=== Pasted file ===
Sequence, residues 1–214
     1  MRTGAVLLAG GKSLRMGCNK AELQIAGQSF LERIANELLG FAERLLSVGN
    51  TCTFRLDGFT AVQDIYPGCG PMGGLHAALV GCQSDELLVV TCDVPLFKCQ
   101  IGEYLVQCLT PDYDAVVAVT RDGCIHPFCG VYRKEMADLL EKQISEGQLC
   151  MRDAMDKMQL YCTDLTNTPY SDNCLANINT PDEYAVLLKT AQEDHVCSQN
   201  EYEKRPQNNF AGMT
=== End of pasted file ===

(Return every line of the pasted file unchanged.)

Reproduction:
Sequence, residues 1–214
     1  MRTGAVLLAG GKSLRMGCNK AELQIAGQSF LERIANELLG FAERLLSVGN
    51  TCTFRLDGFT AVQDIYPGCG PMGGLHAALV GCQSDELLVV TCDVPLFKCQ
   101  IGEYLVQCLT PDYDAVVAVT RDGCIHPFCG VYRKEMADLL EKQISEGQLC
   151  MRDAMDKMQL YCTDLTNTPY SDNCLANINT PDEYAVLLKT AQEDHVCSQN
   201  EYEKRPQNNF AGMT